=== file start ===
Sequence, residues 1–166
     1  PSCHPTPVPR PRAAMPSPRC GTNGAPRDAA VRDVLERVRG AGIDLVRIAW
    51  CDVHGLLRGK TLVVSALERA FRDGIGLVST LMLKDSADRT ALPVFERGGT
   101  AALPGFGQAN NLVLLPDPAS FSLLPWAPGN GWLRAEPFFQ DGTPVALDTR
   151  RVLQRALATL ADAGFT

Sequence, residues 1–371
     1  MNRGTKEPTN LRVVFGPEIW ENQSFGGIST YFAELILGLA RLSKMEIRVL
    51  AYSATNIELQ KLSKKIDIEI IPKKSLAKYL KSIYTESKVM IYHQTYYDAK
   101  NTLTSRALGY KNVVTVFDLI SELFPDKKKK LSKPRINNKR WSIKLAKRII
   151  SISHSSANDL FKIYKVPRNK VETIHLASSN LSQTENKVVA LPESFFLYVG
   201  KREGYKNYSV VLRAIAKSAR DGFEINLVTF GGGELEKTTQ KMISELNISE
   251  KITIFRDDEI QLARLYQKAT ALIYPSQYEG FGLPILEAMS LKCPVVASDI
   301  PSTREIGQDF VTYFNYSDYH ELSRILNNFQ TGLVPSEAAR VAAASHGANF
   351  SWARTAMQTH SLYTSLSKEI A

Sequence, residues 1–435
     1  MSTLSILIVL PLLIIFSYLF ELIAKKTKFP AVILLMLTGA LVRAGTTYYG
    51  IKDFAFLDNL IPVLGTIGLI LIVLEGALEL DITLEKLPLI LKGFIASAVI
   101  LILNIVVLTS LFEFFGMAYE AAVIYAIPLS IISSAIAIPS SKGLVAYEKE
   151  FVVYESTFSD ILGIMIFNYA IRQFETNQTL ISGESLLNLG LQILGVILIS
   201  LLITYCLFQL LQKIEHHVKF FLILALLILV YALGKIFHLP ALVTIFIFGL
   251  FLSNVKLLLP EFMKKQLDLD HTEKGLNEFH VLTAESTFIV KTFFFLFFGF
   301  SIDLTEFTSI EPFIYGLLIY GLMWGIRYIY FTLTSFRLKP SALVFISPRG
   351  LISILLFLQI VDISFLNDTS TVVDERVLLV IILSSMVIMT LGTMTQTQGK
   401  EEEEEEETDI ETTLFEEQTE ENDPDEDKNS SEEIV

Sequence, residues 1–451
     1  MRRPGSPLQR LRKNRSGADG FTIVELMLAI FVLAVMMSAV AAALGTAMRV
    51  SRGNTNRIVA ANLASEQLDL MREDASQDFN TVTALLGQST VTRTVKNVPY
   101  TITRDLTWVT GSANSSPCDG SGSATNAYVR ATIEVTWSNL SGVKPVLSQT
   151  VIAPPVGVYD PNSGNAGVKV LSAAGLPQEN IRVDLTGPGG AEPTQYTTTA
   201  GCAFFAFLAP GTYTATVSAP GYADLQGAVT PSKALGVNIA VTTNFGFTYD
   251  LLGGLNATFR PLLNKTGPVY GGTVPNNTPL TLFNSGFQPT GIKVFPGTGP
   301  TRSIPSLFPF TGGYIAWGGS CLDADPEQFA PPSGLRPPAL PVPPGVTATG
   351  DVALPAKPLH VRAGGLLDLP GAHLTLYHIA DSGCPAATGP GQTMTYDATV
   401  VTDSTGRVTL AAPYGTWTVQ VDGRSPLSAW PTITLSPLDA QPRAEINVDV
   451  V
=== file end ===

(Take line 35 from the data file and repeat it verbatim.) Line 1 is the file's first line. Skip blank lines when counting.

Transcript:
   451  V